Number A-1-805)
Purple and white are the colors traditionally associated with Civil Affair units. The quill
and sword with points down represent the transition from war and conflict to the post
combat phase of military operations. The flame, adapted from the torch of the Civil
Affairs branch insignia, symbolizes guidance and enlightenment. The fire also
underscores the flames of war and how we must make the change to peace and then
defend and enforce the peace. The three stars commemorate the campaign awards for
service in Korea.

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304 Civil Affairs Brigade
The shoulder sleeve insignia was approved on 5 Mar 1993. (TIOH Drawing Number A-

1-805)
Purple and white are the colors traditionally associated with Civil Affairs units. Gold
denotes excellence and achievement. The torch and bell symbolize leadership,
guidance and freedom.

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308 Civil Affairs Brigade
The shoulder sleeve insignia was approved on 3 February 1993. (TIOH Dwg. No. A-1803)
Purple and white are the colors traditionally associated with Civil Affairs units. Gold
denotes excellence and achievement. The three sections of the background reflect the
transition from conflict and the upraised sword symbolizes the Brigade's mission to
defend and enforce the peace.

st

321 Civil Affairs Brigade
The shoulder sleeve insignia was authorized on 4 March 1993. (TIOH Dwg. No. A-1804)
Purple and white are the colors traditionally associated with Civil Affairs units. Gold is
symbolic of excellence and achievements. The partly sheathed demi-sword and
scabbard reflect the Brigade's mission, both during and subsequent to hostilities.

322

nd

Civil Affairs Brigade

The shoulder sleeve insignia was approved on 5 March 2008. (TIOH Drawing Number
A-1-960)
Purple and white are the colors associated with Civil Affairs. Yellow/gold denotes high
achievement and excellence. The light blue represents the great Pacific and highlights
the unit’s location at Fort Shafter, Hawaii. The wooden dagger with the shark’s teeth is
a traditional Hawaiian war club. A Puloulou, a wooden staff with a ball attached
wrapped in white cloth, signifies authority and stability. It was placed by the hut and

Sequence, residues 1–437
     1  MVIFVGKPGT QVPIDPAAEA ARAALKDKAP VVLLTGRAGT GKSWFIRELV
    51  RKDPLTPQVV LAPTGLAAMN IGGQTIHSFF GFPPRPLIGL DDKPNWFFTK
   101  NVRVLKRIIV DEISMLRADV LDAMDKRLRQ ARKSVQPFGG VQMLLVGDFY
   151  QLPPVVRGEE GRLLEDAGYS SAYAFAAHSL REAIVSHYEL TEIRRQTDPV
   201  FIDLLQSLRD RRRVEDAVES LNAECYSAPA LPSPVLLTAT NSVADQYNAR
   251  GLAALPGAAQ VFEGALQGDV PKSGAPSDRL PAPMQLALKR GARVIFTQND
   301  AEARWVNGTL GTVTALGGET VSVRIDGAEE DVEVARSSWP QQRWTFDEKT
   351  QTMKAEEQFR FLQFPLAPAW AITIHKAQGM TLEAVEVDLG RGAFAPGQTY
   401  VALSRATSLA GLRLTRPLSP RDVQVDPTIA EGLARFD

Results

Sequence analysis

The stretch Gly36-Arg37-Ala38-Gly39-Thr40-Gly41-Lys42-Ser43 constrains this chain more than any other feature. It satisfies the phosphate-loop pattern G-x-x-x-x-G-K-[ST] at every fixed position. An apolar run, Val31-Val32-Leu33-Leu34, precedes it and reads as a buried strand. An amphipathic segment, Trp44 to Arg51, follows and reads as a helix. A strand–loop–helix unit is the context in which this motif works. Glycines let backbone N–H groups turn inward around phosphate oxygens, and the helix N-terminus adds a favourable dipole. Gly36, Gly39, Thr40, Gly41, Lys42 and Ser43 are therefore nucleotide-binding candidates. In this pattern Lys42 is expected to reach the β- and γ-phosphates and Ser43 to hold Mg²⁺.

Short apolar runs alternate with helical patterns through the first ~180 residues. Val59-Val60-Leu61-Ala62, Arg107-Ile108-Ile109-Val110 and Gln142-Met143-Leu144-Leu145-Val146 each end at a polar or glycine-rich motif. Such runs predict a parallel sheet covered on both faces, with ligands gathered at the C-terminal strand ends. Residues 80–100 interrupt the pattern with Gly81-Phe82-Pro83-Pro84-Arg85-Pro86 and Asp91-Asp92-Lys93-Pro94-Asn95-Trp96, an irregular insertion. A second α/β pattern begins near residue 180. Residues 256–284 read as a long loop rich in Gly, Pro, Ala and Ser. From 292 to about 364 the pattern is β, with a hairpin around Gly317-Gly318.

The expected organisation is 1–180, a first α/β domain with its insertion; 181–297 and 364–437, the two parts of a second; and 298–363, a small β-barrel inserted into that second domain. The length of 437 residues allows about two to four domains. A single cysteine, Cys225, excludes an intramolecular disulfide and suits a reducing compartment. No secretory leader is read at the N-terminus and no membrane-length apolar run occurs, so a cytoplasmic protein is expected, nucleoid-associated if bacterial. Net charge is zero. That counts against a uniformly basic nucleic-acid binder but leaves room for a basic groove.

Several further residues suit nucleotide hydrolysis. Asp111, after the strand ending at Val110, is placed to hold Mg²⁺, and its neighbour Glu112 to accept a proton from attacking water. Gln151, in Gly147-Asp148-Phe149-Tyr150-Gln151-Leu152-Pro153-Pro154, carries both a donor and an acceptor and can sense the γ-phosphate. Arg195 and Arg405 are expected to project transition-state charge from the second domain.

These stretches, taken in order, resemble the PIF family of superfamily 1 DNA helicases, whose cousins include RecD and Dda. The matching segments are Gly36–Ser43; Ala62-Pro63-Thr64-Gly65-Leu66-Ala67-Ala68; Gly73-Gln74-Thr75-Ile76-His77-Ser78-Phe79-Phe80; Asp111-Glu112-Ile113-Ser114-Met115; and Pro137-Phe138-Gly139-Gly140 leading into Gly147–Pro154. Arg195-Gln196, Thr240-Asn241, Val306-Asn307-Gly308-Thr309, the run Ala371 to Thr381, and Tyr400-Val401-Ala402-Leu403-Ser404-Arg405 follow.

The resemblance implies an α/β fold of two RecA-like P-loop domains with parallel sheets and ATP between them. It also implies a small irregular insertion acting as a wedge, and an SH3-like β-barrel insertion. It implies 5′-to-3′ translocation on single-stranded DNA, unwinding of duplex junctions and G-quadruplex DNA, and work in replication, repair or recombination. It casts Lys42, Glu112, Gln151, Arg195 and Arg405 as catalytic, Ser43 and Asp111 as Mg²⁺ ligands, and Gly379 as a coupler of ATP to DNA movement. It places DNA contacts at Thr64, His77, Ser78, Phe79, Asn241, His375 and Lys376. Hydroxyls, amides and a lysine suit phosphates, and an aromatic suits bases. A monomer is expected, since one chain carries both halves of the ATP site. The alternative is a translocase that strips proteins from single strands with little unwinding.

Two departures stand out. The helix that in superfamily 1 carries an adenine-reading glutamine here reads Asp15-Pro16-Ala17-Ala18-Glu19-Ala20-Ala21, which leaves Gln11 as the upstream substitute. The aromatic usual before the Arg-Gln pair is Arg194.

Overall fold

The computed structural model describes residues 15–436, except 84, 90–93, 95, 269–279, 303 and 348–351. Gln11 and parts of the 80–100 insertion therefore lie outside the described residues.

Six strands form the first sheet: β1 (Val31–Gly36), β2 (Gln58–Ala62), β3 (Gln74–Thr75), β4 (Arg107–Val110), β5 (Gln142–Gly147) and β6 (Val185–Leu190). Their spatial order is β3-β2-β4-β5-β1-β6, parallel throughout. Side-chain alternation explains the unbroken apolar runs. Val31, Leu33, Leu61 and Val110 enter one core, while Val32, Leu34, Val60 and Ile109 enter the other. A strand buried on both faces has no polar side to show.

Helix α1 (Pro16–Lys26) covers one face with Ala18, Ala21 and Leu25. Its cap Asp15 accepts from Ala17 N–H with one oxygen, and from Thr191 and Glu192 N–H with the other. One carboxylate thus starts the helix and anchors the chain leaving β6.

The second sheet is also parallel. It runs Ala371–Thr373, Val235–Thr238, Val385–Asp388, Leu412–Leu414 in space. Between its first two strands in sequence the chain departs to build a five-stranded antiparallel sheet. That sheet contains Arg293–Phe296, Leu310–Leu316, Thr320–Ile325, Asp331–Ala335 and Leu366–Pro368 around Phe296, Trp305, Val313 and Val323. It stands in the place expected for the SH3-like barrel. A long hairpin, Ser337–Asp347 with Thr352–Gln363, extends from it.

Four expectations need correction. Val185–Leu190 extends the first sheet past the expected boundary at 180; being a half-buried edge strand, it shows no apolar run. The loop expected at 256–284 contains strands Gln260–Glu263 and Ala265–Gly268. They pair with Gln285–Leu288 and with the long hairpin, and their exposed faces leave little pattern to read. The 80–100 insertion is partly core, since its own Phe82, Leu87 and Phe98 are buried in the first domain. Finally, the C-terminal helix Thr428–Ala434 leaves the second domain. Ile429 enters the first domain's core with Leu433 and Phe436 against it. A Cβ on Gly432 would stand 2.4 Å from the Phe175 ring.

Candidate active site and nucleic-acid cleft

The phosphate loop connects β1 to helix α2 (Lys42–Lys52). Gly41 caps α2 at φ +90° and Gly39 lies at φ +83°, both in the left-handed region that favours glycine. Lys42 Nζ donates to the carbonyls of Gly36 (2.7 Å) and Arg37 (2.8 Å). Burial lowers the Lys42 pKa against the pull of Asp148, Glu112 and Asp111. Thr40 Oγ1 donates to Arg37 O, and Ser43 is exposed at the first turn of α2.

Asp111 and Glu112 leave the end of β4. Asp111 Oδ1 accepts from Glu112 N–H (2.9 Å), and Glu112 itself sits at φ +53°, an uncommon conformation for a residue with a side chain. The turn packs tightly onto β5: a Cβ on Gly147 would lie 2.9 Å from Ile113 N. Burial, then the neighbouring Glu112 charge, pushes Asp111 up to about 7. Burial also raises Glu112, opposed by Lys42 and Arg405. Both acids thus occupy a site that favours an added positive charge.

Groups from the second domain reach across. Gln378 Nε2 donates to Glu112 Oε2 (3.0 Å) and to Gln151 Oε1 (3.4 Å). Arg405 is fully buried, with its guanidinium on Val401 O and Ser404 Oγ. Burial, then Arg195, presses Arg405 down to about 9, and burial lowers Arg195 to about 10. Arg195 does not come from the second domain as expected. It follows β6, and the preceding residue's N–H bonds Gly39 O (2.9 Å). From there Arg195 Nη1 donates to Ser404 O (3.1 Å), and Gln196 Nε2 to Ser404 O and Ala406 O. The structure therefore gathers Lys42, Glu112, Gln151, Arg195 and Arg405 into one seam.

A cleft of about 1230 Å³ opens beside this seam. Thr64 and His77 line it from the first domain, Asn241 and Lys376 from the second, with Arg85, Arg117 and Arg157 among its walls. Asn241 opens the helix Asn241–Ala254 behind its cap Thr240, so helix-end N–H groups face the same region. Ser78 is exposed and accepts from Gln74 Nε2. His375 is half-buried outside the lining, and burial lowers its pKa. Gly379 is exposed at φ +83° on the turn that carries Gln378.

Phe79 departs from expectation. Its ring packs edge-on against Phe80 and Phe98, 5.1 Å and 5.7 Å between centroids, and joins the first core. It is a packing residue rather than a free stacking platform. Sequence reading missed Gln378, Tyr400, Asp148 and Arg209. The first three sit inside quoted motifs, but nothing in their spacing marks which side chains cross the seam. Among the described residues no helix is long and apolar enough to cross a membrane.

warned the passer-by that the ground was in possession of the king or chiefs. The two
Hawaiian images symbolize the transition from conflict to peacetime activities,
underscoring the Civil Affairs mission.

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350 Civil Affairs Command
The shoulder sleeve insignia was approved on 6 October 1999. (TIOH Dwg. No. A-1843)
Purple and white are the colors traditionally used by Civil Affairs units. The mountains
or land area is divided by the light blue stylized wave symbolizing the Caribbean and
the organization's home area and theater of operations. The rope annulet ties the two
areas together symbolizing unity and constancy. The sword and olive branch represent
conflict and peacetime operations highlighting the Command's mission.

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351 Civil Affairs Command
The shoulder sleeve insignia was approved on 11 April 1977. (TIOH Dwg. No. A-1612)
Purple and white are the colors used for Civil Affairs units. The simulated wall section at
the top is symbolic of cities and human population and in this instance, along with the
scroll, sword and torch, alludes to the Civil Affairs mission of the Command. Yellow,
synonymous with gold in heraldry, signifies excellence and achievement.

352

nd

Civil Affairs Command

The shoulder sleeve insignia was approved on 25 October 1977. (TIOH Dwg. No. A-1615)

Purple and white are the colors used for Civil Affairs units. The sword and scroll,
adapted from the insignia of branch, are symbolic of the unit's basic mission. The cross
bottony refers to the flag of the state of Maryland, where the unit is headquartered.

rd

353 Civil Affairs Command
The shoulder sleeve insignia was approved on 10 February 1977. (TIOH Dwg. No. A-1609)
The quill, sword and civic crown are symbolic of planning, training and readiness
requisite to the United States Army's conduct of civic affairs and military government
operations in countries in which United States Armed Forces are or may employed. The
torch alludes to guidance and the vertical rises or steps simulate the silhouette of the
Manhattan skyline adjoining the home area and location of the organization.

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354 Civil Affairs Brigade
The shoulder sleeve insignia was approved on 18 October 1977. (TIOH Dwg. No. A-1616)
The sword was suggested by the Civil Affairs insignia of branch. The V-shape,
simulating a ray of light, is symbolic of enlightenment; the white dome represents the
United States Capitol and alludes to the unit's present location in the Washington DC
area. Purple and white are colors used for Civil Affairs units.

th

356 Civil Affairs Brigade

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357 Civil Affairs Brigade

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358 Civil Affairs Brigade
The shoulder sleeve insignia was approved on 9 June 1976. (TIOH Dwg. No. A-1-593)
Purple and white are the colors used for Civil Affairs. Blue and yellow are the colors of
the State of Pennsylvania where the unit is presently located. The globe alludes to the
scope of the organization capabilities. The sword represents military authority and is
sheathed to symbolize support of post combat military operations.

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360 Civil Affairs Brigade
The shoulder sleeve insignia was approved on 28 January 1977. It was amended to
include an airborne tab on 23 March 2004. (TIOH Dwg. No. A-1-610)
Purple and white are the colors used for Civil Affairs units. The annulet or circle, a
symbol for continuity and perfection, together with a chevron representing the gables of